'Matariki is our time' - Pio Terei

By Mana Wikaire-Lewis

Matariki celebrations to signal the beginning of Te Tau Hou Māori – the Māori new year are almost underway to acknowledge its first time as a public holiday.

The Parenting Place spokesperson Pio Terei today offered Te Ao Māori News some ideas and advice for whānau wanting to  celebrate in their own home.

“For whānau try and get organised, get outside, look up and talk about the kaupapa behind Matariki, Just share some time together. Hopefully the weather is good to us for some stargazing.”

Terei says it’s a good time for recalibration: “What am I doing, where am I going, what’s happening with whānau, am I connected? That’s what Matariki is about too.”

As kai is one of the many things that bring whānau together for any occasion the Terei Tonight host says to be mindful that some whānau are struggling to put kai on the table, due to the cost of living.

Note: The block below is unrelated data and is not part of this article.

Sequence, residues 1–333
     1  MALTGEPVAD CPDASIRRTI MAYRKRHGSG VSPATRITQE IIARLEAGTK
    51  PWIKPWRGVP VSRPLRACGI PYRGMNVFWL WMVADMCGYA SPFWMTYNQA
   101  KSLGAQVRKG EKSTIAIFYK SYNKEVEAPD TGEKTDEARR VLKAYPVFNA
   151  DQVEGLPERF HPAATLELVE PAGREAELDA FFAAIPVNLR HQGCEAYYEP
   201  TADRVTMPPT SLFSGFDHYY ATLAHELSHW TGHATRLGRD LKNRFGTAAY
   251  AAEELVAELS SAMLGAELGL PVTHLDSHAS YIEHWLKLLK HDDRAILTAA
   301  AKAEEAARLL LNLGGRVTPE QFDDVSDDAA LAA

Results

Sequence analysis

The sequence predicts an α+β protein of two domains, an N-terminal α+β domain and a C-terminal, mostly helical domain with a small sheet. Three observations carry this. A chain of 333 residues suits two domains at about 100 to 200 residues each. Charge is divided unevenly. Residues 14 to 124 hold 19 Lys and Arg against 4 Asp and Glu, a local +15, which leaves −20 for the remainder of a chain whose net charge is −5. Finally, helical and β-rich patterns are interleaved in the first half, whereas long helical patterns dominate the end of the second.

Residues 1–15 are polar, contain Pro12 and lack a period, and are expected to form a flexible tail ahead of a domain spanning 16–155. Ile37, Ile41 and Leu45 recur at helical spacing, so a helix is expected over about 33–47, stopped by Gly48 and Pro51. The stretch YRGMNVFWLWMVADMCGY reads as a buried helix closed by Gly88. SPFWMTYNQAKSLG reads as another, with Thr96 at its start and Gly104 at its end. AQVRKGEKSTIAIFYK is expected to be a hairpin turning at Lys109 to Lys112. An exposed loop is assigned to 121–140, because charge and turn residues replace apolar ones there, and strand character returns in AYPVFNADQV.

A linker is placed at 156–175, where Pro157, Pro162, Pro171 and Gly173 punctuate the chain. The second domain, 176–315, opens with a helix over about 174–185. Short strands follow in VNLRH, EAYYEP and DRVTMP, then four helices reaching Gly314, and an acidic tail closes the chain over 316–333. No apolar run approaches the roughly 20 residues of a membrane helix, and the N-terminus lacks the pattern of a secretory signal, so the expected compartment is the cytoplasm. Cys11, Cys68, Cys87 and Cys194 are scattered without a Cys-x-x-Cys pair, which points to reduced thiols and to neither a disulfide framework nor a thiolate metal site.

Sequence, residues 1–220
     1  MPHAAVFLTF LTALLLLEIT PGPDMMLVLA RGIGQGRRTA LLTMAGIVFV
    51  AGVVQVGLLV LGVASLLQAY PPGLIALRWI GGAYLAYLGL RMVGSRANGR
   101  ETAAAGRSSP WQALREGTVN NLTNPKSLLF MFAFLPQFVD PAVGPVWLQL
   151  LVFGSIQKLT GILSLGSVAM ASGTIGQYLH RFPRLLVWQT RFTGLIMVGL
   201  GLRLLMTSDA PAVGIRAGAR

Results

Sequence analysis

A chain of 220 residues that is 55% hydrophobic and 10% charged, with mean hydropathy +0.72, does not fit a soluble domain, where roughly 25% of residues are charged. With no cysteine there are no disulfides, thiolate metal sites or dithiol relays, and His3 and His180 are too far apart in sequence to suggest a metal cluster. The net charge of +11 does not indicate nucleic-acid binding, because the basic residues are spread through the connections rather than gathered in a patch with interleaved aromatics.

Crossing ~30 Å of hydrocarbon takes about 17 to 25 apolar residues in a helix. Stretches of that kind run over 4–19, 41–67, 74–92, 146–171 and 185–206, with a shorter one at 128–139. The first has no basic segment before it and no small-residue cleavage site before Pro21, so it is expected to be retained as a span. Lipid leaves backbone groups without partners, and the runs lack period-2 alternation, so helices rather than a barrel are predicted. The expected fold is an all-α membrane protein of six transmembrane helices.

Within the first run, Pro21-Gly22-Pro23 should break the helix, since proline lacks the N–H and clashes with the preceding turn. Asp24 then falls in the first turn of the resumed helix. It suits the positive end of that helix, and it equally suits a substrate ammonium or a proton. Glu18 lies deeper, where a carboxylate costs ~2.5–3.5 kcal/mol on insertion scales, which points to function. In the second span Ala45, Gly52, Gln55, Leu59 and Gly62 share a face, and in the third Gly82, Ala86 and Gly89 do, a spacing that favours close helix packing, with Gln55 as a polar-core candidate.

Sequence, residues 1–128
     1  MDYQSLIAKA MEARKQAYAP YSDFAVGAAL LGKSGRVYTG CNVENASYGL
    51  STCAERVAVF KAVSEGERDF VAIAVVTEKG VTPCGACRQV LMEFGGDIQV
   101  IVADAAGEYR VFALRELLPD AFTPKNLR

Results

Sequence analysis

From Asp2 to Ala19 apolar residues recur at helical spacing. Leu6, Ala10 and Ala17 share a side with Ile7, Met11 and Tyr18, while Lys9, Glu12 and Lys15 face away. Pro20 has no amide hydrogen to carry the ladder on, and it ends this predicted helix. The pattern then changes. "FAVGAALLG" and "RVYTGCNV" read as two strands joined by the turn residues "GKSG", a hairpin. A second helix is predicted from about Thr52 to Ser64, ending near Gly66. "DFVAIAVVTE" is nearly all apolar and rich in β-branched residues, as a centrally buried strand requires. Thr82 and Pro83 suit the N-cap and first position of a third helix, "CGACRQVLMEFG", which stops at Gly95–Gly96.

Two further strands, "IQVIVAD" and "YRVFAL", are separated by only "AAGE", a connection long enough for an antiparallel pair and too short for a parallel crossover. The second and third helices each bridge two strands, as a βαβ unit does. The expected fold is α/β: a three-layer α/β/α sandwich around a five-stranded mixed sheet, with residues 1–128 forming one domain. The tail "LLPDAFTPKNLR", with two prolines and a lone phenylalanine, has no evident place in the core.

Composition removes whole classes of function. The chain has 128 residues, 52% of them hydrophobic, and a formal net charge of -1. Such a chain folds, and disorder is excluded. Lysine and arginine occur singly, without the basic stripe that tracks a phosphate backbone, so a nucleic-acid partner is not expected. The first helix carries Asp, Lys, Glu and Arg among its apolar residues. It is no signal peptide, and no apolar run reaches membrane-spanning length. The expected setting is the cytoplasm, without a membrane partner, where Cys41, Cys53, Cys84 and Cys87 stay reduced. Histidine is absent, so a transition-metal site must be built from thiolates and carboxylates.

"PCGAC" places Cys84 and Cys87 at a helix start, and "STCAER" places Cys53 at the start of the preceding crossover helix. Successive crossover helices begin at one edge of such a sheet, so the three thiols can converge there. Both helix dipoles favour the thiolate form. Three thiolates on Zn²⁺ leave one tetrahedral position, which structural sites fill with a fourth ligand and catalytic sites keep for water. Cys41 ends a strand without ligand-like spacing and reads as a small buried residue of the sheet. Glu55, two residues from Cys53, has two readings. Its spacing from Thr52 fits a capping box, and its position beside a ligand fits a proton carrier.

“To have a boil-up going in the morning, with some hōtiti, kapu tī, rīwai and kumara, something that we can afford still doesn’t take away from the magic that is sitting and having a hākari together.

“My point is, do what you can to get the whānau around. Kai is noa, kai is tapu, that’s where good conversations happen.”


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'Looking back with love'

Pio’s advice for whānau to help with tamariki reflecting over loved ones who have died is to look at the issue “with the lens of a child”.

“Bad news that we see on TV and hear on the radio pops up in our tamariki world – they don’t need to know all of it, we don’t need to shield them.

“When we have an occasion where we are looking back at whānau who may have moved on to that other space and place, we need to make sure it’s surrounded by intelligence, love and looking through their lens. We need to make it appropriate for them and surround that with love, kai and fun because, unfortunately, losing people is a part of life.

“We need to do it in a way that they understand and land comfortably.”

Terei’s last message to whānau for Matariki is simple.

“Matariki is our time. It celebrates the knowledge and science of our tūpuna. It’s about aroha, kai, manaaki, friendship and conversation. This is a neat thing to be doing. Kia ora to us!”